When Princess Vilma Lwoff-Parlaghy moved into the hotel’s largest suite in 1909, 90 percent of the hotel’s guests lived there full-time.  The Princess, who liked to be addressed as “Your Highness,” arrived with three French maids, three attachés, a marshal, a courier, a butler, a chef, a bodyguard sporting a tall plumed hat and a sword, a dog, two guinea pigs, an ibis, a falcon, several owls, and a family of alligators.  Divorced twice, she had obtained her title from her second husband, a minor Russian prince.  Photos show an attractive woman with a mass of dark hair topped by a bun.

File:Self portrait of Vilma Lwoff-Parlaghy.jpg
Self-portrait of Princess Vilma.

         An artist as well as a princess, she advertised her portraiture services and soon recruited as a client Major General Daniel E. Sickles, who was 92 and minus a leg lost at Gettysburg.  When the two attended a Ringling Brothers circus at Madison Square Garden, she found a baby lion there so adorable that the obliging general bought it for her.  Named for him, the lion was lodged in the bathtub of her suite, which must have made Her Highness’s bathing awkward.  In time the lion outgrew the tub and the management’s patience, so the Princess donated General Sickles (the lion, not the general) to the Bronx Zoo.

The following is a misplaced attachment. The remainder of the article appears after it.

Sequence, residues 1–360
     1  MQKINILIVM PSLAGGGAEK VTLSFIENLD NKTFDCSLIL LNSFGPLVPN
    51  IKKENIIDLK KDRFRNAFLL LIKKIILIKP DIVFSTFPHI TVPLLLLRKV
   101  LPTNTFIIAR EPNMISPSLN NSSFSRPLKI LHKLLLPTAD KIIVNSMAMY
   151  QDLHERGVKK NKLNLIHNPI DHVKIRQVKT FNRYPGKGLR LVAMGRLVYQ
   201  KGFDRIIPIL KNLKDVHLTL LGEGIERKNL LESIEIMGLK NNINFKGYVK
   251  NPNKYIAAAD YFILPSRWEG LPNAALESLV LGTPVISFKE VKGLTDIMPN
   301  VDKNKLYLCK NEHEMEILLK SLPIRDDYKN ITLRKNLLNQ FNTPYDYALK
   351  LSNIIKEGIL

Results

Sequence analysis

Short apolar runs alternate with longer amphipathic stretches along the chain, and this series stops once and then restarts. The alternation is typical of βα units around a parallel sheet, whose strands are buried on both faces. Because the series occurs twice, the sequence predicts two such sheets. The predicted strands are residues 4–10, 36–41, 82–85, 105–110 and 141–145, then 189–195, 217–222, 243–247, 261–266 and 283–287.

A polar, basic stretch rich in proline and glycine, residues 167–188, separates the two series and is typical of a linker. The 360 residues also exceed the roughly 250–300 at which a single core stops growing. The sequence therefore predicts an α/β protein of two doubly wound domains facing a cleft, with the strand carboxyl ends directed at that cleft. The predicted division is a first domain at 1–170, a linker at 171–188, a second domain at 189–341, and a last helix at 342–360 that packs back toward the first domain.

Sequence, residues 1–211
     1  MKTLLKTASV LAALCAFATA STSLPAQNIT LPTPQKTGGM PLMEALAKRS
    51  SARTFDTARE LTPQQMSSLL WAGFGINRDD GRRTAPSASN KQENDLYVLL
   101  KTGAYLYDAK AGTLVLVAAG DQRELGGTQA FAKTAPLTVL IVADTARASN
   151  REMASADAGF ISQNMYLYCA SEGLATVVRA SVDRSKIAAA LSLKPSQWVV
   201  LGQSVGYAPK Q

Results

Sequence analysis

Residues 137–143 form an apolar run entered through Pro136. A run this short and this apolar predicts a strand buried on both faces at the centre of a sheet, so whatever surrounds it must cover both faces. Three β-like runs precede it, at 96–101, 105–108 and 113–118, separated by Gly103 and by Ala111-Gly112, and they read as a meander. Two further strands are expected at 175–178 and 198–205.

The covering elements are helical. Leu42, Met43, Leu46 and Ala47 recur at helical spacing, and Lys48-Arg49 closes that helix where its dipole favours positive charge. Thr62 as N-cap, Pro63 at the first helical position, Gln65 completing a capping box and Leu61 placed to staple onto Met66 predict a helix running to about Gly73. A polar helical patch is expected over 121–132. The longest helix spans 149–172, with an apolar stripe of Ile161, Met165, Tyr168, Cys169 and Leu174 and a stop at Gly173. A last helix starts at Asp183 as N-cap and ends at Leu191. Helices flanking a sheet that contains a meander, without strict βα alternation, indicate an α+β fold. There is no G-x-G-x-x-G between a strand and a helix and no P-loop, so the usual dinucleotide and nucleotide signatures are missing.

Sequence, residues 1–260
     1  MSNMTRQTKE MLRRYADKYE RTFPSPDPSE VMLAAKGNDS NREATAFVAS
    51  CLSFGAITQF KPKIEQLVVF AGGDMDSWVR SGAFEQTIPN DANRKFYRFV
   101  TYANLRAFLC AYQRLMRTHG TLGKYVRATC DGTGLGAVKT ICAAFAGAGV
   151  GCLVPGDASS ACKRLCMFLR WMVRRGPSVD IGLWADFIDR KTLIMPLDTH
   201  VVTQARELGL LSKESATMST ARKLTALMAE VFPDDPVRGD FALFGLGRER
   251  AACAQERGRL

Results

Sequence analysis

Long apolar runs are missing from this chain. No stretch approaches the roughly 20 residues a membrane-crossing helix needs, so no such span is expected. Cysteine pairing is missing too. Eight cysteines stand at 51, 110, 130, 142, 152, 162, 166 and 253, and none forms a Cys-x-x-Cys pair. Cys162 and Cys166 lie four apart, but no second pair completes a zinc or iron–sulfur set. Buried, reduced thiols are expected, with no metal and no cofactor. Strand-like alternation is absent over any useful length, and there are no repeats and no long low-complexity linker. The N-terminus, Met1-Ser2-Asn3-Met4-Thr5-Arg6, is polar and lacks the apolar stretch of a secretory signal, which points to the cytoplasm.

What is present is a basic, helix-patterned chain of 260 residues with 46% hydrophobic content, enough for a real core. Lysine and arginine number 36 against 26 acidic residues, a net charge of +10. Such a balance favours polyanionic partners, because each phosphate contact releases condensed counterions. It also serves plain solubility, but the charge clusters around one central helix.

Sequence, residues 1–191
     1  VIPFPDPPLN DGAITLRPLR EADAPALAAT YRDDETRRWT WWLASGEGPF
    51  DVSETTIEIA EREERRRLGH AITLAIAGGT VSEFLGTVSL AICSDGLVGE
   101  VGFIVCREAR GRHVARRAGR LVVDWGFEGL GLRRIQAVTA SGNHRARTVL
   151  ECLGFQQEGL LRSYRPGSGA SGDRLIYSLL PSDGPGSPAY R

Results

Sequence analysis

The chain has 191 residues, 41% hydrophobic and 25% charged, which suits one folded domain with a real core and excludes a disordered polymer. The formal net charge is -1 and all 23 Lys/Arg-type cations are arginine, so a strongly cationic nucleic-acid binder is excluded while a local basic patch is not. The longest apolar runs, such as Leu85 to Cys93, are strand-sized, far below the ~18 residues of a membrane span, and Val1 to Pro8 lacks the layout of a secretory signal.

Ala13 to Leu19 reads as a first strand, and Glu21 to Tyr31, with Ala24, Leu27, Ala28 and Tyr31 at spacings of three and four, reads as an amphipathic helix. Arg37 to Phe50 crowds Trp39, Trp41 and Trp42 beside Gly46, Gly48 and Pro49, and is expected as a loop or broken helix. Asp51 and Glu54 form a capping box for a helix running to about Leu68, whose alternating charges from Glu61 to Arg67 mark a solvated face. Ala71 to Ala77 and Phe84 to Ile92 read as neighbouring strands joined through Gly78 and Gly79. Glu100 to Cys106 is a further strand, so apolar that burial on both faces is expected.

The source of the Princess’s wealth remained a mystery, but when World War I broke out, her wealth vanished.  Bedeviled by creditors, she decamped, leaving behind an unpaid hotel bill for $12,000.  In 1923 she died in a cramped room on East 39th Street, surrounded by unsold artwork and one maid, and still bedeviled by creditors.  Wikipedia, that revered source of online facts and trivia, adds that she was Hungarian-born, did (perhaps) a portrait of Kaiser Wilhelm II and one of Admiral Dewey, lived in Berlin and Nice before coming here, and had a lifetime allowance from her second husband, the Prince.  And she is still with us, buried among notables in Woodlawn Cemetery in the Bronx.

         You think Princess Vilma was the most eccentric of the dowagers residing at the Plaza?  Not necessarily, for she had plenty of competition.  How about the recluse who hadn’t left her room in years, but called for her chauffeur and car every day at 10 a.m.  Or the fastidious old woman who spent her days patrolling the hotel’s perimeter, clearing the sidewalks of cigarette butts by stabbing them with her umbrella.  And then, there’s Clara Bell Walsh.